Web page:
This month we bring you some information regarding electrical power supply.
Electricity is provided throughout Jakarta by the State Electricity Company, Perusahaan Listrik Negara (PLN).
Electricity in Indonesia is 220 Volt AC, 50-cycle power. If you are bringing any 110 Volt electrical appliances from overseas you will need to use a transformer.
Electrical outlets have two round holes similar to those in continental Europe. In order to use appliances from overseas you may need a plug converter. Local stores sell such converters.
The voltage is sometimes unstable so it is advisable to use a voltage stabilizer for your computer or other sensitive appliances.
Each home is equipped with a kWh meter and a meter card. A PLN employee will record information monthly on this card. Do not remove.
Electricity is charged per kilowatt-hour used. Your electricity bill may arrive by mail; however, if you do not receive your bill you can phone the PLN Call Center 123 to request the amount of payment due. When calling this number have your account or customer number ready. You can also find out the amount of your bill through the PLN website www.pln.co.id under the section “Informasi Rekening”. The bill is due to be paid between the 5th and the 20th of the month.
When you receive your electricity bill check to make sure that the account number stated on the bill is the same as the number on your house’s kWh meter.
Before renting a house it is essential to check the electrical capacity to ensure that you will have sufficient voltage to run all of the electrical appliances you will need, including air conditioners. There should be at least 23,000 VA (Volt Ampere) for a normal household. If there is not enough voltage, this will have to be negotiated with the landlord. Most of the time, it is not too much of a problem to increase it, as long as it’s done before you move in. Higher capacity means that you will pay a higher rate for electrical usage, so be sure the new capacity is adequate for your needs without being excessive.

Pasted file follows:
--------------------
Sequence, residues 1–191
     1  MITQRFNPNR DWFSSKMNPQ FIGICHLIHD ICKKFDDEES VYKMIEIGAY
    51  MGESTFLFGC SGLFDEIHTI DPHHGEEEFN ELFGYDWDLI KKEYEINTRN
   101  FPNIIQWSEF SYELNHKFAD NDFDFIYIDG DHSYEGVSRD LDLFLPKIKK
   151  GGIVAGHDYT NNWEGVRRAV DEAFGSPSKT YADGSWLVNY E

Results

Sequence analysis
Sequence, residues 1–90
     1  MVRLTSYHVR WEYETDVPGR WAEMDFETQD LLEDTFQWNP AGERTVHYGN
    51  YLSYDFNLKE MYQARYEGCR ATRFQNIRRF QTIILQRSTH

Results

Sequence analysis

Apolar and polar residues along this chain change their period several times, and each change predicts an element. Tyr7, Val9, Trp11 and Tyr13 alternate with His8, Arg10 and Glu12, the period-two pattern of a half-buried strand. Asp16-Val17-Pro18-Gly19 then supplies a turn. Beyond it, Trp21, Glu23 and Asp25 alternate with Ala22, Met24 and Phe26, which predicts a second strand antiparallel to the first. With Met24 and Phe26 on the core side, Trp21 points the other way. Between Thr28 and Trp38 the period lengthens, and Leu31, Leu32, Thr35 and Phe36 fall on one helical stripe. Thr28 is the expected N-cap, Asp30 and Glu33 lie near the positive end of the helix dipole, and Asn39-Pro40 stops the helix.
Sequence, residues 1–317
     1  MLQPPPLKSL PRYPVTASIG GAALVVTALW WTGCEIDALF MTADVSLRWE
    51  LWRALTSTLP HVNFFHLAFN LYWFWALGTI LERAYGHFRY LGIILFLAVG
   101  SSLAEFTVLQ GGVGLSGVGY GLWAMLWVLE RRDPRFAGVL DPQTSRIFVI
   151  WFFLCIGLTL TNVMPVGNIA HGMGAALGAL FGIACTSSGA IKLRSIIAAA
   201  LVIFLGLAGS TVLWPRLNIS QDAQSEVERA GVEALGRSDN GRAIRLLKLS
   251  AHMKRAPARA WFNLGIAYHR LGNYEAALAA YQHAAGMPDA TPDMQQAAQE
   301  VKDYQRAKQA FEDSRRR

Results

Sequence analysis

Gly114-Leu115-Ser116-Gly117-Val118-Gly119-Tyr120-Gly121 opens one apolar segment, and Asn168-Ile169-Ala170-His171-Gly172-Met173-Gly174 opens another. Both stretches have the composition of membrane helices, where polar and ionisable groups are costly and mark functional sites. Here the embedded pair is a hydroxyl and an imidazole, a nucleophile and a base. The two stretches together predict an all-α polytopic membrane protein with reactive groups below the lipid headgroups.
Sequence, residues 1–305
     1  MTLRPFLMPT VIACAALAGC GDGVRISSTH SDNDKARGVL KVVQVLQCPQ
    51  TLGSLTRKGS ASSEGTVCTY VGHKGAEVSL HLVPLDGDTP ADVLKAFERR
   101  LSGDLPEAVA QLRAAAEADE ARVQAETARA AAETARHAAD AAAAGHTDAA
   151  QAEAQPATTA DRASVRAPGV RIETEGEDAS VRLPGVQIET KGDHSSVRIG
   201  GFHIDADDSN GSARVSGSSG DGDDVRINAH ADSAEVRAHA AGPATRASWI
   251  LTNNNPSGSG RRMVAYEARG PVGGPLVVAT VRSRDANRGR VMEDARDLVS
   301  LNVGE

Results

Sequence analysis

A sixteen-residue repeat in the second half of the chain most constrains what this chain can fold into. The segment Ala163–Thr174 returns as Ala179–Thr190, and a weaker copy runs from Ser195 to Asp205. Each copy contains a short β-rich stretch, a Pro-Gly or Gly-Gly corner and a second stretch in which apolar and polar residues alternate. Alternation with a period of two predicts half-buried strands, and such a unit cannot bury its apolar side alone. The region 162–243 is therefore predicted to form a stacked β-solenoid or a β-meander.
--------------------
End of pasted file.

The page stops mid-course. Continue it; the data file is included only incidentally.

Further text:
It may also be necessary to balance the three phases R, S and T, to ensure that overloading does not occur. There may be too many appliances on one circuit, while another circuit has unused capacity.
Grounding/earthing is the most important factor in the electrical system. Ensure that it is measured and is under 5 ohms (based on PUIL â€“ Regulation of Electrical Installation System) in order to avoid future problems for the whole electrical system installed on the property.
Poor workmanship and/or poor quality materials sometimes used in houses in Indonesia, as well as the rigors of the tropical climate can lead to problems with electrical wiring and breakdown of electrical appliances. Check regularly to ensure that electrical outlets are clean and not broken, and that plugs of appliances are not damaged or the cables frayed. Your staff may not understand the dangers involved and may not inform you of such problems.
If you have electrical problems in your home you should call a trained and fully qualified electrician, and it is best to hire someone who has been recommended by other expatriates.
Disruption of electrical service occasionally occurs in Indonesia, particularly when it rains as the tropical storms can cause broken connections, broken cables or debris falling onto the power lines. Usually the reason for a power outage is not obvious and is almost always unannounced. PLN has a 24-hour service line where you can report outages anywhere in Jakarta. Call 123 for a tape-recorded message in Indonesian and press 1 to leave your message. You may need to have a staff member or Indonesian-speaking friend leave the message for you. If you can ever manage to get a PLN staff member on the phone, they are usually not of much assistance and are unable to tell you how much longer the power outage will be. However, it is still suggested that you call PLN as they may not be aware of the problem and could then send someone to the effected area. to investigate the cause.
Provided by: Colliers International